Hundreds of millions of passengers travel on U.S. airliners annually.
These large numbers, together with the close proximity required onboard, raise a concern about microbiologic disease transmission in cabin air.
Previous air quality surveys generally concentrated on environmental tobacco smoke and particulate matter.
They largely ignored the microorganisms also present.
We sampled the microbiologic climate of 45 domestic and international flights.
We also sampled common locations in a major southwestern city.
The concentration of microorganisms in airline cabin air is much lower than in ordinary city locations.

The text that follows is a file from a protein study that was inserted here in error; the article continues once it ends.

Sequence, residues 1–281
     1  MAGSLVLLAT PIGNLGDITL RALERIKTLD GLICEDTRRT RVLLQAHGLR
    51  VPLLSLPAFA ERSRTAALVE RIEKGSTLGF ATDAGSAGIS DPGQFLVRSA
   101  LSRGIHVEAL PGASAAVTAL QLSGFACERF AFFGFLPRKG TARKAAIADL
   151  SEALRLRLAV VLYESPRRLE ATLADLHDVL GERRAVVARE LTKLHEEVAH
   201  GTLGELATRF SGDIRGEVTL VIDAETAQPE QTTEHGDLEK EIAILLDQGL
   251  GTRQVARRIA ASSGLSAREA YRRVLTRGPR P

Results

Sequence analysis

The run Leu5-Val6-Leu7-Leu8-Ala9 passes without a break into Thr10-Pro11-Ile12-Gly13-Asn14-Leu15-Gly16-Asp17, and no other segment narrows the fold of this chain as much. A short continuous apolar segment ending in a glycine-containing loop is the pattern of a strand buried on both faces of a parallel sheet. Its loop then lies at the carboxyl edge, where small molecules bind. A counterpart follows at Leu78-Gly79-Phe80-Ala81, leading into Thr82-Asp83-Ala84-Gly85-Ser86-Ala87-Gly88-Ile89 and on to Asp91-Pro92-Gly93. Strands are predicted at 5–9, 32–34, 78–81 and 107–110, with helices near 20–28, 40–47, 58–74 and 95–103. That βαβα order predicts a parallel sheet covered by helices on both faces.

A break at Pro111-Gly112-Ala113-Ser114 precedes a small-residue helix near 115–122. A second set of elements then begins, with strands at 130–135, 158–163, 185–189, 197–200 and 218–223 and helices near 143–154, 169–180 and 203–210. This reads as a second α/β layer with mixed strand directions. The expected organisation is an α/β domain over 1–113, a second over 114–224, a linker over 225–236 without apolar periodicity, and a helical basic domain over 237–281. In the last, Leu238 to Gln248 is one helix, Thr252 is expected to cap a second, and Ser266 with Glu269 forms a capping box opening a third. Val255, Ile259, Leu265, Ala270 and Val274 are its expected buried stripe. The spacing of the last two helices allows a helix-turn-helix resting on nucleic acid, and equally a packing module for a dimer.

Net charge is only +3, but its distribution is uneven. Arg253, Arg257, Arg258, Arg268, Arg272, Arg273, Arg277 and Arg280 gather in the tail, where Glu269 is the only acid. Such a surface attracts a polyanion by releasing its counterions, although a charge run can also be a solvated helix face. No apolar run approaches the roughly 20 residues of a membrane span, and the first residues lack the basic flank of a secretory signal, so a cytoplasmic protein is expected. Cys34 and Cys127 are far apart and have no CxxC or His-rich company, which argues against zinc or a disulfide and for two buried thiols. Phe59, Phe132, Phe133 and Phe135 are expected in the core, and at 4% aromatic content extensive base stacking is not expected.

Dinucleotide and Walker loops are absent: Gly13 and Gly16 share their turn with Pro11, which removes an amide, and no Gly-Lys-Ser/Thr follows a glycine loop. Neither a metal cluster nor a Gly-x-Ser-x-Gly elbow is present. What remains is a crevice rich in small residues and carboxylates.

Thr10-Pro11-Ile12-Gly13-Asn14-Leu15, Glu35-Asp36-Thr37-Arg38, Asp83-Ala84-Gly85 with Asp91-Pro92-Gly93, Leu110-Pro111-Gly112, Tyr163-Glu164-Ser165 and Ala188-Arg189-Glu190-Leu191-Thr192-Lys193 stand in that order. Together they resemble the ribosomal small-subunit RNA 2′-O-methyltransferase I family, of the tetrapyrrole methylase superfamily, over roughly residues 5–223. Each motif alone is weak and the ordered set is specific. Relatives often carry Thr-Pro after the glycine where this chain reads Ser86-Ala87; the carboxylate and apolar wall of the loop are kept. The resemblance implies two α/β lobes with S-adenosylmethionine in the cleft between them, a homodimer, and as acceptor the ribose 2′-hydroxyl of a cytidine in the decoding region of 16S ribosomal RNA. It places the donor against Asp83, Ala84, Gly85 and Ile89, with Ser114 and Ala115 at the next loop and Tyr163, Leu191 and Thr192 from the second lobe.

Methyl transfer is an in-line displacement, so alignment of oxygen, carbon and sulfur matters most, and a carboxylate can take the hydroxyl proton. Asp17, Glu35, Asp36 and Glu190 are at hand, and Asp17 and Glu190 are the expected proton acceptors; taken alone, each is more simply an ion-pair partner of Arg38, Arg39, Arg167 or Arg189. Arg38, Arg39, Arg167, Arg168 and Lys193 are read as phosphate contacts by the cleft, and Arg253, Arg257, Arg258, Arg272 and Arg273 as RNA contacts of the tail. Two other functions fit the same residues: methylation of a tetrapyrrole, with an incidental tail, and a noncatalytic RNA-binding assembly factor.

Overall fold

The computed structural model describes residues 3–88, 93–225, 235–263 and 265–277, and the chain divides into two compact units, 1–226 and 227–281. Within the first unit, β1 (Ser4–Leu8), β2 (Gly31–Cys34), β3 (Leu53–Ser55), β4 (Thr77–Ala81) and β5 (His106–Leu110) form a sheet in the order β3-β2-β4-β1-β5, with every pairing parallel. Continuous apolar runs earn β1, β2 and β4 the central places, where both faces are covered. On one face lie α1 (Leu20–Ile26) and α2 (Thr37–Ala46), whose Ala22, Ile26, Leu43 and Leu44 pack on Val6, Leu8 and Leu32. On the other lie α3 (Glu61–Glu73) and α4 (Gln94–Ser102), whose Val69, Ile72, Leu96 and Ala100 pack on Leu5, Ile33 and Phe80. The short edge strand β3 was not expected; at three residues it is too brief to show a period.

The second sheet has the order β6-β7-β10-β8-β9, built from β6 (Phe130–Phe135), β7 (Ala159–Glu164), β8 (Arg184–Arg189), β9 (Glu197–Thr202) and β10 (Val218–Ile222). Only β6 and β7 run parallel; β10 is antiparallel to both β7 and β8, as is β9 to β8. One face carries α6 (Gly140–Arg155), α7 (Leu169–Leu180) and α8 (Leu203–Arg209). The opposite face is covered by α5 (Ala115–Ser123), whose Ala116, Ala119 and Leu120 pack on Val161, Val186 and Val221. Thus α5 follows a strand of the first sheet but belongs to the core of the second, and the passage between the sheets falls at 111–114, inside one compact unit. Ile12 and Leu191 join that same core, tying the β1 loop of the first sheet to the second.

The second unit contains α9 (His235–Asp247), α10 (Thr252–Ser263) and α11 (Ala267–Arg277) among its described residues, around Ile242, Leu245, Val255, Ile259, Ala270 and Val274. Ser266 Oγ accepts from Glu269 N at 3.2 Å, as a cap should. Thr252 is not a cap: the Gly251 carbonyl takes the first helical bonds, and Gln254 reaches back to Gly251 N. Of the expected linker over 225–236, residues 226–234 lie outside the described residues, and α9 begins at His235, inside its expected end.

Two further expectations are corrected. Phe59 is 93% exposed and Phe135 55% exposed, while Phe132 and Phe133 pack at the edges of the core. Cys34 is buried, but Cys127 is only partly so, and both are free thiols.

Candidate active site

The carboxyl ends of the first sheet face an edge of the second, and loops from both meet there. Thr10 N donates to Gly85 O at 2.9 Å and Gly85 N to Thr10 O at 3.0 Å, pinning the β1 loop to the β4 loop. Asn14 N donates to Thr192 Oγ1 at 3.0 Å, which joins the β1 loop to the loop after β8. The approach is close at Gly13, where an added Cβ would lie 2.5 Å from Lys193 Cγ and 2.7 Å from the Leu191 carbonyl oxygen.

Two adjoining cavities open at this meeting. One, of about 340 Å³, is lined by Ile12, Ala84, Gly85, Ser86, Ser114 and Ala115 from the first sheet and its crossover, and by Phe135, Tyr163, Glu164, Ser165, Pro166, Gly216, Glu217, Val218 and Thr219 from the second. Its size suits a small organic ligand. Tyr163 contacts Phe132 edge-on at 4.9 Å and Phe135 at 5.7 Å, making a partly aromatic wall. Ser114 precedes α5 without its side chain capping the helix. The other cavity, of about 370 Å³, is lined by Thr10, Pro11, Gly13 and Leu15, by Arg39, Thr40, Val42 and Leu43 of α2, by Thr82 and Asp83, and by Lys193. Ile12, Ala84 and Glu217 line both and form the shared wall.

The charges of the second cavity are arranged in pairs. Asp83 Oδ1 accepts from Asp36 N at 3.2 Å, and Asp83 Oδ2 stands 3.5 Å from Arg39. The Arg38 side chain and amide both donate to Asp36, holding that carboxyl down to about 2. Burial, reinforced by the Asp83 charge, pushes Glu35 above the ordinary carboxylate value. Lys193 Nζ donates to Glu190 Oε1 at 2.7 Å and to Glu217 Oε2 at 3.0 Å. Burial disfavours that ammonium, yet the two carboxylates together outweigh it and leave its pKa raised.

We conclude that the small number of microorganisms found in U.S. airliner cabin environments does not contribute to the risk of disease transmission among passengers.
Mots-clés Pascal : Transport aérien, Qualité air, Avion, Cabine, Contamination, Microorganisme, Etiologie, Epidémiologie, Vol, Aéronautique, Transport public, Homme
Mots-clés Pascal anglais : Air transportation, Air quality, Airplane, Cabin, Contamination, Microorganism, Etiology, Epidemiology, Flight, Aeronautics, Public transportation, Human
Notice produite par :
Inist-CNRS - Institut de l'Information Scientifique et Technique
Cote : 95-0265410
Code Inist : 002B29C01. Création : 01/03/1996.